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Consumers and Price Volatility: Texas Electricity Prices

posted by Adam Levitin

Some Texas consumers who didn't lose power are now finding themselves socked with massive electric bills, as high as $17,000. The reason? They were paying variable kW/h pricing for their electricity at wholesale rates, without any sort of price collar. The Washington Post explains

The state’s unregulated market allows customers to pick their utility providers, with some offering plans that let users pay wholesale prices for power. Variable plans can be attractive to customers in better weather, when the bill may be lower than fixed-rate ones. Customers can shift their usage to the cheapest periods, such as nights. But when the wholesale price increases, the variable plan becomes the worst option.

This story jumped out at me for two reasons.

First, it seemed like a replay (on steroids) of the risks of adjustable-rate mortgages with prepayment penalties, and second, it seems like another chapter out of Jacob Hacker's fantastic (and still totally relevant) 2006 book The Great Risk Shift

Allowing individuals to purchase electricity at variable wholesale pricing was an obvious recipe for disaster from the get-go. Sure, it's cheaper for individuals when there's mild weather. But it shifts all of the risk of weather volatility to individuals. Individuals are incredibly poorly equipped to manage market price volatility. Indeed, few individuals are likely to understand electricity market pricing dynamics, particularly how Texas's Lone Star stand-alone grid works (or doesn't). Individuals aren't well equipped to manage electricity price volatility because most individuals are either on a fixed salary or have variable earnings that change with a fairly limited band. Moreover, those who have more variable income (other than, say an annual bonus or a farmer or artist with seasonal income) often cannot predict when those variations will occur. It doesn't take a Nobel Prize in economics to realize that variable pricing is just not good for consumers because they cannot readily diversify their income or exposures, or insure against most risks (excluding high net worth individuals who can self-insure).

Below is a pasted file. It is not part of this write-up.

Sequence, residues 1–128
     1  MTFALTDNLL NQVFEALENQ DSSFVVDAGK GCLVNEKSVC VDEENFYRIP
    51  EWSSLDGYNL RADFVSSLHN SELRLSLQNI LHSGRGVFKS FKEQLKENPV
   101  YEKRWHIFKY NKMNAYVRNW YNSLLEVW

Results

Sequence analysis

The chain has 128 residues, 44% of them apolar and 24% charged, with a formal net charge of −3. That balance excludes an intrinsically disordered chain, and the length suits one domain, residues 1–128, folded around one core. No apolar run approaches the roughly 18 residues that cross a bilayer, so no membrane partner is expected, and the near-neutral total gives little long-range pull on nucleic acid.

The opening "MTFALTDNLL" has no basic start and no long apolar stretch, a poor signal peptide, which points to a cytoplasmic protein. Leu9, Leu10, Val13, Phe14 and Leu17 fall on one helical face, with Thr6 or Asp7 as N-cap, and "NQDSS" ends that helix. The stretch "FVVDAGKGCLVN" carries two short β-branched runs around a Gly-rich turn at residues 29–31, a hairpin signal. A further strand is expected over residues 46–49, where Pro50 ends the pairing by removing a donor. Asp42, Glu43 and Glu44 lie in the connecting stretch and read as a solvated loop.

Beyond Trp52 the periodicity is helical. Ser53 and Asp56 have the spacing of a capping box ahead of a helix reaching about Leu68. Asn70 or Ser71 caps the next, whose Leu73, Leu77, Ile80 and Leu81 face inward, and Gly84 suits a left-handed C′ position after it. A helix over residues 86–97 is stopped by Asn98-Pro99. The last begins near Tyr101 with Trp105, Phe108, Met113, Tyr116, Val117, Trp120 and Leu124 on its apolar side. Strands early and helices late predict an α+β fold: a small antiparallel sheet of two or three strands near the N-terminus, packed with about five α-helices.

I'm not sure whether to feel sorry for the consumers who got stuck with huge bills or not. On the one hand, they clearly weren't expecting this risk when they got into their deal, and the State of Texas let them be served a potentially toxic electricity pricing deal. A reasonable consumer might think that if it's on the menu, it can't be that dangerous. On the other hand, the consumers with these huge bills did get the upside of lower bills in mild weather, and their variable rate plans effectively shifted cost to safer, stodgier consumers with fixed rate plans. Now it looks as if the state might bail out some of the consumers who got clobbered with huge bills, which means that there's a redistribution from the consumers who played it safe to those who took the risky deal.